Blackhawks fortunes will be telling for Team Canada’s 2014 Olympic prospects
From goaltender Crawford to blueliners Seabrook and Keith, and on out to captain Toews, the Sochi selectors will have plenty to ponder
Both Chicago Blackhawks defenceman Brent Seabrook (right) and goalie Corey Crawford (left), shown at the conclusion of the Hawks’ first-series win over the visiting Minnesota Wild, have to be considered in the mix for Team Canada at next year’s Winter Olympics. A stern first test, though, will be how they deal with potential elimination by the Detroit Red Wings in this spring’s NHL playoffs.
Photograph by: Bill Smith, NHLI via Getty Images files
DETROIT — In the heat of the Stanley Cup playoffs, it is dangerous to look past the next shift. The next game is probably too big a picture to ponder.
Seven months into the future? That’s for dreamers, pundits and non-participants — and a conversation no one who is still chasing Stanley wants to have.
“I’m not even thinking about it,” said Chicago Blackhawks defenceman Brent Seabrook, as Game 6 of their series with the Detroit Red Wings looms tonight at Joe Louis Arena (5 p.m. Pacific time, CBC).
But those futures are being shaped, nonetheless, by what happens in the National Hockey League post-season.
Seven months from now, the Olympic teams will be named for Sochi 2014. The Canadian goaltending situation which has degenerated into such a dog’s breakfast will have to be resolved by then, and Chicago’s Corey Crawford is the only Canadian left standing in the tournament.
How he plays, how far the Blackhawks go on his shoulders, is certain to carry some weight with selectors who, at the moment, see only that all of their projected candidates of a year ago have crashed out — and some may never be back.
Crawford was not even on the radar a year ago. He’s there now 50 per cent on merit and 50 per cent by default.
“He’s been good for us all year. It’s a tough league to get into, but he definitely could be in the running,” said Seabrook, who paired with his Chicago partner, Duncan Keith, on the Team Canada blue line in Vancouver.
“I think (Crawford’s) coming-out party was against Vancouver a couple of years ago — we were down 3-0 and he was huge. He was a big part of why we got back into it. He plays hard at the right times and seems to make the big stops.”
The door is wide open now.
The 2010 Olympic troika is in shambles. Martin Brodeur is 41. He gave way by the end to Roberto Luongo, who is 34 and not even his own team’s starting goaltender any more — and evidently untradeable. Canada’s No. 3, Marc-Andre Fleury, has washed out totally in the past two playoff seasons, and has been replaced in the Pittsburgh net by Tomas Vokoun.
That leaves Crawford, St. Louis’s Brian Elliott, Phoenix’s Mike Smith, Montreal’s Carey Price, Carolina’s Cam Ward ... and a sepia-toned photo of Patrick Roy.
And yes, as Seabrook notes, it’s far too early to project what might transpire in the first three months of next season, when the shadow roster becomes reality.
His own situation is a case in point.
Relegated from his spot alongside Keith to the third pairing early in this series, with ice time commensurate with a No. 5 or No. 6 defenceman, Seabrook was reunited with Keith in Game 5, when the Blackhawks desperately needed to snap out of their funk, and he responded with a tremendous game, both physically and on the power play.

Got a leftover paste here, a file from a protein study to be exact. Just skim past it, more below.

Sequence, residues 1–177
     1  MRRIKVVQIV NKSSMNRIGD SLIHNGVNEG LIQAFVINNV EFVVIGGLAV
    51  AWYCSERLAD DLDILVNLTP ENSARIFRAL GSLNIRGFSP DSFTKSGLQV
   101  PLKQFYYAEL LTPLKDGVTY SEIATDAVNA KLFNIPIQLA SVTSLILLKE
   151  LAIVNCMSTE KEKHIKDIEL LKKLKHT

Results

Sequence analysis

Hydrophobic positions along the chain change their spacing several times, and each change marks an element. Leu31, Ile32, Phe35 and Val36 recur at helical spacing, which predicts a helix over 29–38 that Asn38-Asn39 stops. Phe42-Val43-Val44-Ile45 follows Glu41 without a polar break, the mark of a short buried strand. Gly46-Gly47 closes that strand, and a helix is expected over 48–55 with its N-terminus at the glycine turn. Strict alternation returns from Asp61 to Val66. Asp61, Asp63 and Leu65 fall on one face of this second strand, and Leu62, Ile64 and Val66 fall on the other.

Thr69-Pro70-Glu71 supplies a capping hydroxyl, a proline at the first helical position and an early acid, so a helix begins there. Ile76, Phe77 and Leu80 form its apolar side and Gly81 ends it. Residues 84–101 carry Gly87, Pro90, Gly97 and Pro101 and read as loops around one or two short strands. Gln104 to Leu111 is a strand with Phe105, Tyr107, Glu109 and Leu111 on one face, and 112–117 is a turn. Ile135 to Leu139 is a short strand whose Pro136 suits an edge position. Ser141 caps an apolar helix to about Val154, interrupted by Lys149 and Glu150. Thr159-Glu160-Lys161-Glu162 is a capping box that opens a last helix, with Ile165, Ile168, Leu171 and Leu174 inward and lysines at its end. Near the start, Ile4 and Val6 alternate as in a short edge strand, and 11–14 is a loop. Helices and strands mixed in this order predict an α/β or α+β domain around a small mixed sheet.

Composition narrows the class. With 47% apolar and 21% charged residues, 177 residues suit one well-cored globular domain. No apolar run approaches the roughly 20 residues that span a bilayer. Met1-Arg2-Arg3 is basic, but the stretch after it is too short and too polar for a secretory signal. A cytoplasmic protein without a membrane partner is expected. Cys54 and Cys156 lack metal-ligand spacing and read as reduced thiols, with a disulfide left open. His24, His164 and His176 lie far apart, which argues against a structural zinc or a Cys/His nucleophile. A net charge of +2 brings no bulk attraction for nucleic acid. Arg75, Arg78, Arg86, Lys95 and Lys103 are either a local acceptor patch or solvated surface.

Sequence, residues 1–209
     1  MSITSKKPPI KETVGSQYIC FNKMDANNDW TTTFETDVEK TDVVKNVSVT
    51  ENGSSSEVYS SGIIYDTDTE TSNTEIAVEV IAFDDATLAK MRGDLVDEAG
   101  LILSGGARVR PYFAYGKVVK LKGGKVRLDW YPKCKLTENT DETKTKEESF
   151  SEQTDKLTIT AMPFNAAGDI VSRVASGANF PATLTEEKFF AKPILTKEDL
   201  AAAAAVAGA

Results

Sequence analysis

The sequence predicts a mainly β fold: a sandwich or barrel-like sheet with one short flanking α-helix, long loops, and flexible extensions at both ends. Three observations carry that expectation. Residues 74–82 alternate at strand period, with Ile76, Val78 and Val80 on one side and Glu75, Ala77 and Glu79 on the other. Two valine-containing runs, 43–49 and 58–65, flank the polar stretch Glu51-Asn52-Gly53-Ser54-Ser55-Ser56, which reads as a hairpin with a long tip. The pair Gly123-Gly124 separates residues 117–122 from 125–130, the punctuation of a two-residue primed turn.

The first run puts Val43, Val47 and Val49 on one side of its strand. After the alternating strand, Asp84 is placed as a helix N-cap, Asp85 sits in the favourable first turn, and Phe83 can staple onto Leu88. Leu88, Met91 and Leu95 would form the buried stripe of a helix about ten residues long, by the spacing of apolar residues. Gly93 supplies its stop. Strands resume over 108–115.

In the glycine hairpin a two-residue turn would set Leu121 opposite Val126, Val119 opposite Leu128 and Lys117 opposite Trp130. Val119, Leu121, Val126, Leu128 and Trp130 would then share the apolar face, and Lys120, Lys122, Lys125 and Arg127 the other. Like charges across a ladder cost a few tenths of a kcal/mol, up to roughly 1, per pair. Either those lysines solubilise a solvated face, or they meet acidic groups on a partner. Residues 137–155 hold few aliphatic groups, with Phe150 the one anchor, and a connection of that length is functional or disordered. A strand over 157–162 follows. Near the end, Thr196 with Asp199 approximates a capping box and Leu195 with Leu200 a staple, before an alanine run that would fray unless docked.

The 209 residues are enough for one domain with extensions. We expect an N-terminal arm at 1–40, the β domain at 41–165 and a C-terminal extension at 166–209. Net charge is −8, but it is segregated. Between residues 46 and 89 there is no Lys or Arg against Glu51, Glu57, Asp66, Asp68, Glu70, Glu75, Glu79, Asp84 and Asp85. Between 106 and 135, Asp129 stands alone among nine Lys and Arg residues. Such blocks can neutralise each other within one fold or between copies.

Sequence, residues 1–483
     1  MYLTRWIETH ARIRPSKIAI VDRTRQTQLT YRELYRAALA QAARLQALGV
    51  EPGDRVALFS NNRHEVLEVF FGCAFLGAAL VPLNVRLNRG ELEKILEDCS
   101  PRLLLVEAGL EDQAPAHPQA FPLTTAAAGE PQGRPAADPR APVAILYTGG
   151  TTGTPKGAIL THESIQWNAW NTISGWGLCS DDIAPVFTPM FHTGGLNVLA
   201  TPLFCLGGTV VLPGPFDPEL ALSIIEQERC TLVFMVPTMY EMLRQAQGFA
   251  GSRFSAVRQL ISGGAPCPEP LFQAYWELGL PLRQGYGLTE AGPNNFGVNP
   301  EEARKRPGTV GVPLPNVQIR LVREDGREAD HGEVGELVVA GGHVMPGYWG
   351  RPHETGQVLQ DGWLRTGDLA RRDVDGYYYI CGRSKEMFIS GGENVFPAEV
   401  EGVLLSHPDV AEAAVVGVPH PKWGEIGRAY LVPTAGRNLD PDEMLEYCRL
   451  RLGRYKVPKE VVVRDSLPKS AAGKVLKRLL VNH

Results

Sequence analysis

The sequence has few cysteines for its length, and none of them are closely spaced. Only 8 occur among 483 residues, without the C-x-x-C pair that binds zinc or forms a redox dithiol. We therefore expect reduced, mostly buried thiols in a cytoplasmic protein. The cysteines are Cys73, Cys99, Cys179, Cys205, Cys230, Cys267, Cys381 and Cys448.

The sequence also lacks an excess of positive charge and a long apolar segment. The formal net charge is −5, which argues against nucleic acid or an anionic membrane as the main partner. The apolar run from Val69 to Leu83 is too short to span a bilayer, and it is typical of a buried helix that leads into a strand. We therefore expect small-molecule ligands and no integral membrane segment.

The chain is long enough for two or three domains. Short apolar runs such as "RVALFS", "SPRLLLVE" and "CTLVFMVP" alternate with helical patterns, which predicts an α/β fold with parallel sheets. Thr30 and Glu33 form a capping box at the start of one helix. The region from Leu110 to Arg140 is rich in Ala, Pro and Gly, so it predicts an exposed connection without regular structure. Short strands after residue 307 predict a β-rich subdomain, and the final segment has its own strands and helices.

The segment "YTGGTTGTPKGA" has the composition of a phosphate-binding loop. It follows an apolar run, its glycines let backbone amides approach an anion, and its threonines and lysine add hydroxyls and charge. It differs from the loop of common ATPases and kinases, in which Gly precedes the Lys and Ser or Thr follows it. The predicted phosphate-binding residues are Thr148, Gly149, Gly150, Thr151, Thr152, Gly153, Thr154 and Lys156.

“He’s a good teammate, a good guy and I’ve played with him a long time,” said Keith, of the two old partners getting back together. “He played well coming off not playing very much. It’s tough to do that, not only physically but mentally. He did a good job. Lot of good shots, lot of big hits. For us to win, we need him.”
Seabrook’s demotion was the first time since very early in his career that he’d had his minutes cut back radically.
“It’s different,” he said Monday. “When you are playing all the time, you get into a rhythm, and when you’re sitting on the bench, there’s more time to think and what-not.
“I felt like I did a good job of forgetting about it and getting ready for the next shift. Obviously when it first happened, it wasn’t the easiest thing to deal with, but I worked at it and tried to get better at it.”
He didn’t have to be told he was struggling.
“I wasn’t happy with my game from the start of the series, and even going back to Minnesota (in the first round),” he said.
“I don’t know if I got a lot of criticism. I didn’t really hear it. I was just pissed off at myself first and foremost. I know I have to be better.
“I’ve always had a lot of responsibility and played in key situations and been against their team’s top line and felt I did a good job over the years. I took pride in it. That was my job.
“Toewser scores goals. Kaner makes passes and scores goals. I’m the shut-down guy, physical guy who made it tough on team’s top players. That’s the role I love and take pride in.”
The Blackhawks, down to their last life against the Red Wings, need all hands on deck to dig themselves out of the hole they’re in.
Seabrook’s are big pair of mitts, and if the Hawks manage to come back, he and Keith will be part of the story, and so will Crawford, and so will Jonathan Toews, and Steve Yzerman and his Olympic selectors will have a little more data to put in the file.
That’s well down the list of things to be thinking about on the day of an elimination game, Seabrook said.
“I don’t think they’re picking the Olympic team in the playoffs. You could score 30 points and win the Conn Smythe Trophy, but if you’re minus-60 in the first few months of next season, you’re not going to make it,” he said.
“There’s one lock on the team, and it’s the best player in the world. Other than that ...”
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